How to Grow Apples from Seed
Can I grow an Apple from seed?
Ever eaten an apple and wondered how to grow an apple tree? Or pondered whether you could plant the pips and grow your own apple tree from seed? Well, if you have then I can tell you it is not only possible but also not too difficult. However, many people would advise against it.
What is the downside of growing apples from pips?
The problem is, in most cases, apple trees don't come true from seeds. This means that their fruit may taste completely different from the apple you enjoyed. The apples may end up being better suited to cider making than eating. Apple trees produced from seeds are genetically different from their parent and it is said, usually inferior. Most apple trees are propagated by grafting which allows growers to produce trees that are genetically identical to one another.
Apple seeds that comes from an heirloom, or open-pollinated, varieties should produce more reliable results though. So, if you want to grow an apple tree from seed with more certainty that the apples will be nice, then this is an option for you.
How big will my apple tree grow?
The last note of caution is around the size of the resulting tree. Even if the apple that gave your seed was from a dwarf fruit tree, the tree that grows may inherit its size from the parent. Meaning your tree could grow to 30 foot high and 30 foot wide! Something to leave for posterity as it could bear fruit for centuries but not great for a 20 foot square back garden!
Still, the apples we have now must have come from seed at some point so why not give it a try? If nothing else you will have pretty blossom that the pollinators will adore.
Its a great project for gardening with kids although they may be at Uni by the time the fruit is ready to eat! Apple trees grown from seed won't produce fruit for about 6 to 10 years.
How to Sow Apple Seeds
Apple seeds need cool moist conditions so autumn/fall/ winter is the best time to plant apple seeds. Although you can use the fridge at other times of year to fake the low temperature needed at the start.
How to Prepare Apple seeds for planting
Soak the seeds in a bowl full of cool water for an hour. Use as many seeds as you have as the germination rate is only likely to be a third to half of them so they aren't all going to sprout.
There are two ways, either:
- Moisten some kitchen paper, place the seeds on it then fold over. Place this in a sealable plastic bag. Add a moist, wrung out sponge to the bag to prevent drying out. Or
- Place a layer of moist sand in the bottom of an old marg tub and place the apple seeds on the moist sand, Cover with another layer of moist sand. Punch a couple of small holes in the lid and then place it on the container.
The seeds need cold stratification to break dormancy. i.e. this means they need to be at around 3°-5°C (37°-41°F) for about 6 to 8 weeks - so place the bag or container either outside or in the refrigerator depending on temperatures. Check every now and then to make sure its moist.
How to Plant Apple seeds
When the time is up, remove the seeds from the refrigerator and plant 1 1/2cm (1/2") deep in a small pot, our 4 " Bamboo Pot is perfect for this, filled with well watered, good quality potting compost. Keep in a cold frame, sheltered south facing spot or under a Bell Cloche outside until the seeds germinate. Its important not to let them dry out and make sure to water slowly to prevent the seed being dislodged.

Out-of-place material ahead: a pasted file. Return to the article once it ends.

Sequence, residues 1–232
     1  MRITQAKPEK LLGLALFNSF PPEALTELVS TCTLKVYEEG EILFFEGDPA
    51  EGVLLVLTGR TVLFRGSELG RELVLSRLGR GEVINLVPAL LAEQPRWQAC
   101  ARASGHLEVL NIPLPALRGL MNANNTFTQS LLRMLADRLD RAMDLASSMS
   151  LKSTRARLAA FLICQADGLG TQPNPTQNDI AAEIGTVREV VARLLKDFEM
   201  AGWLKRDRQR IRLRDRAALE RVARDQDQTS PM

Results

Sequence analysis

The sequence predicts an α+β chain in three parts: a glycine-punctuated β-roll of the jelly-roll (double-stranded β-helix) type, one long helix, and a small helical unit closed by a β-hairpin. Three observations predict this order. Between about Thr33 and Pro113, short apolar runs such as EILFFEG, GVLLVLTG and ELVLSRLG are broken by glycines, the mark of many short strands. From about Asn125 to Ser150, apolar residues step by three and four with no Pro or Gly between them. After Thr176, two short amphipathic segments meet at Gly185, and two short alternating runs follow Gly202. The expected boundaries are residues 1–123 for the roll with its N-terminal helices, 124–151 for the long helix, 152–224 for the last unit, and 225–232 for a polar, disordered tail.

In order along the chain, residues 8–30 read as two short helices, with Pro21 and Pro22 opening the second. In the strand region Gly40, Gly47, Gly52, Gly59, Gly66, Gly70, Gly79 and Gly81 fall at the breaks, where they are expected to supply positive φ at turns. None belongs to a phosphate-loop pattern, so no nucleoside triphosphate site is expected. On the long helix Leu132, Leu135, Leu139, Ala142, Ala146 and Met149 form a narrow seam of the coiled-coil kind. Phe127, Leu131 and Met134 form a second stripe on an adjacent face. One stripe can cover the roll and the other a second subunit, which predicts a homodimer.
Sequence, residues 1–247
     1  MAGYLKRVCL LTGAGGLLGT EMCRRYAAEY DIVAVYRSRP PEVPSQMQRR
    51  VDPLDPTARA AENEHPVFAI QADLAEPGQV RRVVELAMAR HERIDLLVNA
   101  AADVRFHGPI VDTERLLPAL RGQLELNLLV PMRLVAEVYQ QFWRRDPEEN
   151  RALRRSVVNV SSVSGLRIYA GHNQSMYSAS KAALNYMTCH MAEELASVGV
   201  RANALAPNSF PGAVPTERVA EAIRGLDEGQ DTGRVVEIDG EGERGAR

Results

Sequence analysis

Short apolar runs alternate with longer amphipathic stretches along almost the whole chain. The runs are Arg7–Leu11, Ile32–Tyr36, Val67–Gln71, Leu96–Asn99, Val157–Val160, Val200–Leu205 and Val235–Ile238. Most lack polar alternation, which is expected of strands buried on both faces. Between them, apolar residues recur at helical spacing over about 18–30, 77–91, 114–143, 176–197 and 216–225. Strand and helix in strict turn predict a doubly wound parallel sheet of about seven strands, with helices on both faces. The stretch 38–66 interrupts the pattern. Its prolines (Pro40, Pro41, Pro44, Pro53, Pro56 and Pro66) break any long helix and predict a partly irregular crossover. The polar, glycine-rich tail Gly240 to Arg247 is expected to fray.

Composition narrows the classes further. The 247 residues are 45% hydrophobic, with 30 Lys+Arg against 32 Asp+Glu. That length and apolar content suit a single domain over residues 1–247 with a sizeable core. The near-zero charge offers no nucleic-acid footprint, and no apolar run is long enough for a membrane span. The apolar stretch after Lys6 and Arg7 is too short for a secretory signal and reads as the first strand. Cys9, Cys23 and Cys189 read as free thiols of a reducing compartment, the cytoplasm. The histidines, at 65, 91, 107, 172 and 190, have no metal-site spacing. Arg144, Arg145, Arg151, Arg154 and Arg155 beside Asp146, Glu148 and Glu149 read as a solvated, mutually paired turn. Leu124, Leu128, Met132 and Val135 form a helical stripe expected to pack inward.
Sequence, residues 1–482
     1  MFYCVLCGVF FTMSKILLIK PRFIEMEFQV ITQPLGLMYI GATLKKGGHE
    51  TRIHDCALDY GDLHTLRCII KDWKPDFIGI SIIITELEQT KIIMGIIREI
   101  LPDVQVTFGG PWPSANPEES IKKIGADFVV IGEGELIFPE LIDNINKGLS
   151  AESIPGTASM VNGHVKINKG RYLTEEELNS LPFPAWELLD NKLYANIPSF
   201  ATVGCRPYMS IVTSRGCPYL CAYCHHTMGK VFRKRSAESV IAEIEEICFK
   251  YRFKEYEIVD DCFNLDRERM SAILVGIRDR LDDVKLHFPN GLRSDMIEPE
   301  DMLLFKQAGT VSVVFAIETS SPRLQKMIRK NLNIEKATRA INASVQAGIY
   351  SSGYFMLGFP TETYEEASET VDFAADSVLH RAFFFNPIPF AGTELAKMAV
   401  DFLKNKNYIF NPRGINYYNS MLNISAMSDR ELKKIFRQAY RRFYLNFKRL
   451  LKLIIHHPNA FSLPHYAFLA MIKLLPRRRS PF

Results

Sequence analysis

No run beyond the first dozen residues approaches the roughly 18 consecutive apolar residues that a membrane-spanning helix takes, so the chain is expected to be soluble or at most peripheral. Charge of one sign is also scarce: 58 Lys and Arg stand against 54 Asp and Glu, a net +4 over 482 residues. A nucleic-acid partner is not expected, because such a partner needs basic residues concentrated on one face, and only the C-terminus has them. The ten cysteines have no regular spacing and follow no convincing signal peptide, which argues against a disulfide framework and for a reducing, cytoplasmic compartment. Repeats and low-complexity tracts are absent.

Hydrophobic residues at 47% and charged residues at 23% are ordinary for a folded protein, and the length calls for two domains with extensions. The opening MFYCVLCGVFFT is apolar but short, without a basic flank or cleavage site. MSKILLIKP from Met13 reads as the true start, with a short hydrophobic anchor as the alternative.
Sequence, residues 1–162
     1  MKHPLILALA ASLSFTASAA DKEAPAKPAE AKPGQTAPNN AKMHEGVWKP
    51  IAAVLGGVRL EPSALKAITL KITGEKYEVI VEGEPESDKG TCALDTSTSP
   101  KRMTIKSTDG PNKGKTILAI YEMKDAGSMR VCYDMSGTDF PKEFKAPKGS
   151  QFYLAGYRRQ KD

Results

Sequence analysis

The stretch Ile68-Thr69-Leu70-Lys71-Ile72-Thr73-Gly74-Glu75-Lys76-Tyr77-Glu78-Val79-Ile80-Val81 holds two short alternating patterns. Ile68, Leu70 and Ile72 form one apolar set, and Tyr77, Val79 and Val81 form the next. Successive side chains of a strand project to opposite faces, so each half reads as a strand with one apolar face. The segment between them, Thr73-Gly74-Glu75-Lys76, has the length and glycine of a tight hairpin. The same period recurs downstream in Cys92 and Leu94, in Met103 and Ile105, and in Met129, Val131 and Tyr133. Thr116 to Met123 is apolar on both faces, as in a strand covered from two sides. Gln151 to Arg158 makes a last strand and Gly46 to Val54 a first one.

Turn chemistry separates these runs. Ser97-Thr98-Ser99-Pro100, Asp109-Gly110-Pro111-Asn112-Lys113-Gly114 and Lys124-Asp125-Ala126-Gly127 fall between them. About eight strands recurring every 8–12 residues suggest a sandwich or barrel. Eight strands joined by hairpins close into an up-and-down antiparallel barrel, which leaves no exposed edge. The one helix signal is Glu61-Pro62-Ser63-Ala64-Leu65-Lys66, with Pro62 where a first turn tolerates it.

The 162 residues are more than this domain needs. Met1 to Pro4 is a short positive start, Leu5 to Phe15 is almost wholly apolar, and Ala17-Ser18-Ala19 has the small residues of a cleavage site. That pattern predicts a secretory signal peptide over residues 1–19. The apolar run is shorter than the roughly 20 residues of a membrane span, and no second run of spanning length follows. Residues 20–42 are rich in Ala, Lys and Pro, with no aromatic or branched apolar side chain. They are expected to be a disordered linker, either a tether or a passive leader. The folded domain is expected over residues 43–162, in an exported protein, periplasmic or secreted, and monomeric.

Once temperatures reach a fairly regular 23°C (75°F) you should see germination around 2 to 3 weeks later. When you see the seedlings, move the pots to a partially shaded spot.
When they reach 5cm (2") tall and produce a set of mature leaves you can re-pot them. At this point you can prune the roots if you want to to encourage the production of new feeder roots. To do this brush the soil off the roots and snip off one-third the length of their roots using clean garden snips.
Re-pot the seedlings into individual 5-inch pots filled with garden soil. Grow in partial shade with a good weekly watering until the following spring. Then transplant them into their final position once nighttime temperatures are consistently above 10°C (50°F).
When you get to this stage (or if that all seems to difficult any you've bought an apple tree!) then head over to our How to Plant an apple tree blog for info on what to do next.
For further information on how to look after your trees and how to prune apple trees check out this blog on Winter Pruning
Whether it is seeds or grafted trees good luck with your apple growing and here is a recipe that you might like for Apple Biscuits.
How to Choose the right Rootrainer (and why they work)
Rootrainers are planting cells that give much less root disturbance making them perfcect for filling your vegetable garden or flower borders. Part...Read More
How to Plant Sweet Peas in Winter
Sweet peas are gorgeous fragrant climbing plants that are great as cut flowers and a treat for the pollinators on your plot. They grow well in the...Read More
A Guide to Winter Pruning for Fruit Bushes & Trees
Winter pruning serves several crucial purposes. It helps maintain the shape and size of your plants, encourages robust sp...Read More